• Give clear instructions with demonstrations- - Be a supportive and dedicated caregiver. Show the seniors how to do the activity of your choice and guide them as they do them. Encourage them to finish the tasks to build self-esteem and concentration.
  • Adapt to the mood of the patient- - There are times when you will prepare the patient to undertake activities, but they won't be in the mood for them. Ensure you are flexible to adjust to such circumstances. You can always reschedule activities when the time is right for your patient.
  • Give a balanced schedule of activities - Creating a schedule of activities that the patient likes is a brilliant idea. However, doing this on a daily basis may be monotonous. You need to mix things a little by incorporating other new tactics and techniques to make your patient curious.

If the activities chosen require beads, ensure they are safe without harmful chemicals like lead, high levels of brominated flame retardants (BFRs), chlorinated flame retardants (CFRs), among other harmful substances.


List of crafting activities for Seniors with Alzheimer’s or Dementia

It’s important to ensure that people with Alzheimer’s are engaged in different crafting activities and routines so that they can also have fun, feel engaged and satisfied. Different activities make the patients active, which is an essential aspect for their mental and physical health. Crafting activities can also serve as a form of medication since it acts as a distraction from some irrational behavior, boost self-esteem, and reduce irritation.

Specialists or those taking care of dementia patients can have a daily schedule of crafting activities to ensure that the patients feel a sense of control for their daily activities. To ensure that a dementia patient is benefiting from the crafting activities, choose activities that are easy and likable by the seniors. Some of the crafting activities that have proven to be helpful to patients with Alzheimer include;

Essential Crafting Activities for Seniors with Alzheimer’s or Dementia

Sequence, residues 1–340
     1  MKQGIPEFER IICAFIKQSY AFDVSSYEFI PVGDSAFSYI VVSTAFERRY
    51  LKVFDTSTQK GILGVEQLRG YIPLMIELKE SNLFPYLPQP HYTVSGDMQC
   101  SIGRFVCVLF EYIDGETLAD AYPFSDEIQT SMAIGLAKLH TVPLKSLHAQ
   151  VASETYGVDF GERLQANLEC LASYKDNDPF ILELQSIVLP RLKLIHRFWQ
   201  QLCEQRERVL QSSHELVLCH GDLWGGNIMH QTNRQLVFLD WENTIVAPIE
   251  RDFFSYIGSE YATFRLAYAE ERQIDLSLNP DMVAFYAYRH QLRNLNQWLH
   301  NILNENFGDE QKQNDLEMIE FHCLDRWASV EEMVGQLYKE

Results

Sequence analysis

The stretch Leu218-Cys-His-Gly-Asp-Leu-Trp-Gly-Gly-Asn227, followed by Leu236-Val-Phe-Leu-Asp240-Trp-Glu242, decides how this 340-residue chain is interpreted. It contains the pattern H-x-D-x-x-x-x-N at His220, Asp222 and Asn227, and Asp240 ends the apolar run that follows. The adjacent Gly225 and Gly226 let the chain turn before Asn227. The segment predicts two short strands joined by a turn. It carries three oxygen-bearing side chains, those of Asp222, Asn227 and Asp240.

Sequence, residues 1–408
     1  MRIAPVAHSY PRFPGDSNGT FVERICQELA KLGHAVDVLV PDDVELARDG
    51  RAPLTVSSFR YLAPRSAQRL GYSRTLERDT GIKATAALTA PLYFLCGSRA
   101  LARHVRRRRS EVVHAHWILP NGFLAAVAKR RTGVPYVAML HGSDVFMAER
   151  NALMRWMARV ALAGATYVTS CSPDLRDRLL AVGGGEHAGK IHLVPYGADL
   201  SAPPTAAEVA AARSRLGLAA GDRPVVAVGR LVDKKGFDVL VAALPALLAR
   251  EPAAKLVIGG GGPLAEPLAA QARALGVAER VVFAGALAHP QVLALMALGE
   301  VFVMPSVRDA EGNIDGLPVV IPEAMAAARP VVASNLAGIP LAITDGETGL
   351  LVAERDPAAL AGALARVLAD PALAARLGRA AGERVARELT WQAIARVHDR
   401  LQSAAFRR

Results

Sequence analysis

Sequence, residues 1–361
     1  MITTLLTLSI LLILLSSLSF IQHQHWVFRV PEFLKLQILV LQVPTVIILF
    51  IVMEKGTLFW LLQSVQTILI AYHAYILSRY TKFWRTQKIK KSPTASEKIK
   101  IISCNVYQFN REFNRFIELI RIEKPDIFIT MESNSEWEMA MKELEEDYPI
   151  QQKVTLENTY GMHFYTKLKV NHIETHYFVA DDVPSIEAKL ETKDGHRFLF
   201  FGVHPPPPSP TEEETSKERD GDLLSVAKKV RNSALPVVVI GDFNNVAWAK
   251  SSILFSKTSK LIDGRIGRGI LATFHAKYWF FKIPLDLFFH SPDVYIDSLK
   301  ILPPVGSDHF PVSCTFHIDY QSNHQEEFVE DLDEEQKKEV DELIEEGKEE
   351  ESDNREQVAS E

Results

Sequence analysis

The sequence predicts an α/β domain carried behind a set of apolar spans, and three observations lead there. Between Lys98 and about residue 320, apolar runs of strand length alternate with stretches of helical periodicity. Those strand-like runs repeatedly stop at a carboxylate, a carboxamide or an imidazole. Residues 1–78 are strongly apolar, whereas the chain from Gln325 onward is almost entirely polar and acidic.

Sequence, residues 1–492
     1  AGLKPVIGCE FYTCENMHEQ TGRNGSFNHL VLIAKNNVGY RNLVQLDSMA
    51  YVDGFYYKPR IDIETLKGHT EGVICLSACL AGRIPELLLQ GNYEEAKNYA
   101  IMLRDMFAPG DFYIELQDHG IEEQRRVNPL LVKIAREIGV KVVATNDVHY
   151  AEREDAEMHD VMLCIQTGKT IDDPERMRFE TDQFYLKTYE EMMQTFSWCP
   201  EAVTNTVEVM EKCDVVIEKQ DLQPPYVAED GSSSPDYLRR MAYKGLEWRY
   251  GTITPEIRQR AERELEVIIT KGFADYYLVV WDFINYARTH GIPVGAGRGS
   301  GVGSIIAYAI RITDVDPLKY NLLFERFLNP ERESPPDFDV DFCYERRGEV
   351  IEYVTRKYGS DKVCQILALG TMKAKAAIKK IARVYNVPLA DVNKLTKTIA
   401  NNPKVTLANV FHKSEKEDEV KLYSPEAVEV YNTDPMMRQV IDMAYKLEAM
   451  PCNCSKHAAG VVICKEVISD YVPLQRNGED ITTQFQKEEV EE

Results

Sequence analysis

• Knitting - Knitting is a sociable crafting activity that is enjoyed by people of all ages. Different brain nerves can be awakened and actively engaged during knitting, especially attention and memory span. Dementia greatly affects these two functions of the brain. According to research, knitting engages those two functions hence slowing down the decrease in cognitive abilities. Knitting helps in reducing anxiety, depression, chronic pain and will significantly slow the onset of dementia. The materials needed are simple crotchets, yarn, threads, and beads.
  • Beading - If the beading activity is well modified, it can be a lively and great activity for Alzheimer’s patients. Those in early stages who still have good eyesight can use small beads, yet those in middle stages require bigger beads to make bracelets and other jewelry and may need guidance during the beading sessions. Beading will improve motor skills, cognitive skills, hand-eye coordination, and dexterity. Threading the beads using a string requires coordination of eyes and hands. The basic materials required are beads, threads, and string.
  • Painting - Painting allows one to express themselves through pictures of different colors. Alzheimer’s patients can develop spiritually and emotionally through painting, and it also keeps them active and engaged. Those who are passionate about painting can even use it to get income or gift their loved ones. Materials needed for painting include watercolor paint kits, acrylic paint, and paintbrushes.
  • Decorating - Beautifying a place with flowers and other decorative items adds the value of life to a place, brings humor, and enlightens the emotions of the patients. For seniors who like flowers, getting them to decorate their rooms and arrange flowers can be fun. You can get a flower vase, florist foam, and artificial flowers and let them arrange their own decorations. Materials required for this activity include flowers, pictures, and photos.